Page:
Traditionally, Freycinet National Park gets a LOT of visitors. Pre-COVID, around 300,000 people tramped up to the lookout over Wineglass Bay every year, making it one of the most visited tourist sites in Australia. The iconic panorama over the bay is believed to be the most photographed view in Tasmania.
On our recent visit, however, it was relatively quiet. Car parks were empty and there were few walkers on the tracks. COVID travel restrictions have been terrible for tourism businesses, but on this occasion, helpful to us.
Wineglass Bay – Hazards Beach circuit
This lovely 11km circuit walk begins with the well trodden path up to the lookout over Wineglass Bay. It is said to be more than 400 steps.
We did it years ago and are quite sure that in those days it wasn’t as well cut. Now it’s an easy walk, with rock steps and boardwalks making it accessible to most visitors.
The day was fine and the view was clear.
From the lookout the track continues down to Wineglass Bay itself, where a few intrepid souls were taking a dip but most were satisfied with an ankle deep splash. It regularly makes ‘world’s top 10 beaches’ lists.
The track then winds through coastal scrubland crossing a low lying isthmus from east-facing Wineglass Bay to west-facing Hazards Beach. It was deserted.
We walked along the beach as far as possible to where the sand ran out and then picked up the track again, heading past a few rocky nooks and crannies.
The track wound up to a headland and magnificent views over Great Oyster Bay. We stopped for lunch, perched on the rocks and watched seals frolicking in the water below. It might not have the fame of Wineglass Bay but it has its own special beauty, especially on a perfect weather day.
Then it’s a longish hot walk along the exposed headland in the afternoon sun, but the water views more than compensate. And conveniently, the track then descends down to the car park from whence we started.
Cape Tourville lighthouse
Cape Tourville Lighthouse was built in 1971 to replace a previous decommissioned one. It’s neither historic nor particularly interesting in itself, but it’s worth a visit for the short loop track which includes a lookout and boardwalk around the edge of the cliff just below the lighthouse. From here, there is a panoramic view to Wineglass Bay, Hazards Beach and some offshore rocks known as The Nuggets.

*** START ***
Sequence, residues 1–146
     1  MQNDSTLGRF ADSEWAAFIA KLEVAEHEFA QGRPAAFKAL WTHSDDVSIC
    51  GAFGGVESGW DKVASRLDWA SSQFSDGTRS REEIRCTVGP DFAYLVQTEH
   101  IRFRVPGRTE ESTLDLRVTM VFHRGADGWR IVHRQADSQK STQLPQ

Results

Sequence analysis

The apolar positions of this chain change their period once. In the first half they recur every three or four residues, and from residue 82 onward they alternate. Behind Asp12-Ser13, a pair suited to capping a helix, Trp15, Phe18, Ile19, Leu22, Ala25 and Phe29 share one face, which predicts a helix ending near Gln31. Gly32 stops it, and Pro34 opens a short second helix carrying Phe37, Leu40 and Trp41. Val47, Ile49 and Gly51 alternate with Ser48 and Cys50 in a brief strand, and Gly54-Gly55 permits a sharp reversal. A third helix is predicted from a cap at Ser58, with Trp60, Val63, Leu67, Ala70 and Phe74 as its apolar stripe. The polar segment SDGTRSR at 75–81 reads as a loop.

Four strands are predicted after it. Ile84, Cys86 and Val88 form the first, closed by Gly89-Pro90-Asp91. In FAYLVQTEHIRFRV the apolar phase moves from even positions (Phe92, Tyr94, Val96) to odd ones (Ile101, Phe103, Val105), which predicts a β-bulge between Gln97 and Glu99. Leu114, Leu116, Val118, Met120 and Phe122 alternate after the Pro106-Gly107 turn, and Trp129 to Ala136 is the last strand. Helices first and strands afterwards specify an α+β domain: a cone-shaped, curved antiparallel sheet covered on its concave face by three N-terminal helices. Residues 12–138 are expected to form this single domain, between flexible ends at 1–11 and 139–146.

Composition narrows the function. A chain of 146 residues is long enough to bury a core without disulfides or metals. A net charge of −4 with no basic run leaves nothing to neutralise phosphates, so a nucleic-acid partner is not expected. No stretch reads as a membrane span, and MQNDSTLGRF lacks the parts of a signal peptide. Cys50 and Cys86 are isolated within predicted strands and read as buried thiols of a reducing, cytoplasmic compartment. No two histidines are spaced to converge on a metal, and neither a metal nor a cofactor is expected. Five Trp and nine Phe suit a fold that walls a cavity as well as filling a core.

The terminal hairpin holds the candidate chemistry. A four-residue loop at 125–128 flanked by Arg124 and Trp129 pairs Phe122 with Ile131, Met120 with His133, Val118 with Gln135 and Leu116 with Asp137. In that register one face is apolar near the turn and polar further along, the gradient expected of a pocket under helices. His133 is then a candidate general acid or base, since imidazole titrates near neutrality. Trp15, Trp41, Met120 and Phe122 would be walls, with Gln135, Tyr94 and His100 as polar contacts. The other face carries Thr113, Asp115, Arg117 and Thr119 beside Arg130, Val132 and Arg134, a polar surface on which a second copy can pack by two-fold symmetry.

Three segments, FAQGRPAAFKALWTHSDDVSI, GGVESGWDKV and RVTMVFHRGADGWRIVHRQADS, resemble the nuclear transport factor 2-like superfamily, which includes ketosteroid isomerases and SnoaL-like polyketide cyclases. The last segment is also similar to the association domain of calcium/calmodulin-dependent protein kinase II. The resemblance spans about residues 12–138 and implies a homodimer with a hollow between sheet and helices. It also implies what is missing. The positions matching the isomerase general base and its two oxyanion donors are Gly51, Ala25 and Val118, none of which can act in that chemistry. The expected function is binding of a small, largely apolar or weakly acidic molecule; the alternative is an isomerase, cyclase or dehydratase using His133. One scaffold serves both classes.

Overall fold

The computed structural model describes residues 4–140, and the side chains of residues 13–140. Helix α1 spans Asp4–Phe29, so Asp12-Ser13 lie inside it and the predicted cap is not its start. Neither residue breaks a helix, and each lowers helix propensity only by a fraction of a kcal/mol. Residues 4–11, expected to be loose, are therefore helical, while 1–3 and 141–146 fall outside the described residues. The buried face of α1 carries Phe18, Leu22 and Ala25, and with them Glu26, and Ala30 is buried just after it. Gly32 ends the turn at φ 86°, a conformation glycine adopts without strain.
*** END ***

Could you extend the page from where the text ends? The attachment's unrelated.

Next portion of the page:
After visiting the lighthouse, it’s a short drive to the car park above Sleepy Bay. A track leads down to an absolutely delightful little rocky beach. It doesn’t attract many visitors, possibly because it isn’t a sandy beach, but it’s great for basking in the sun.
And if you’d rather spread out a towel, a track leads from here to an unnamed gravelly beach about 10 minutes walk further on, with some opportunities for clambering over the rocks and exploring a few caves.
North and south of the Freycinet Peninsula, there’s a bunch of good wineries between Bicheno and Swansea so we also spent a day checking those out. Freycinet Vineyard and Devils Corner are big, commercial enterprises. Nothing against their wines, but for a winery visit we prefer smaller, boutique vineyards. We can highly recommend Gala Estate for pinot gris and riesling, and Milton Vineyard for pinot noir.
And if gin is your ‘thing’, don’t miss the Farm Shed in Bicheno. This wine store and gourmet providore offers gin tasting flights of small batch Tasmanian gins, everything from one made from sheep’s whey, which was curious but tasty, to some truly excellent gins featuring local aromatics like Tasmanian pepper berries. It also does excellent wine tastings which the lovely ladies there will tailor to your particular taste.
We rented a house on the water between Swanwick and Coles Bay village, nicely equidistant between the convenience stores at Coles Bay for essentials and the Freycinet Oyster Farm for, well, other essentials.
We were visited by kangaroos every afternoon and had some splendid sunsets. Not much to complain about here!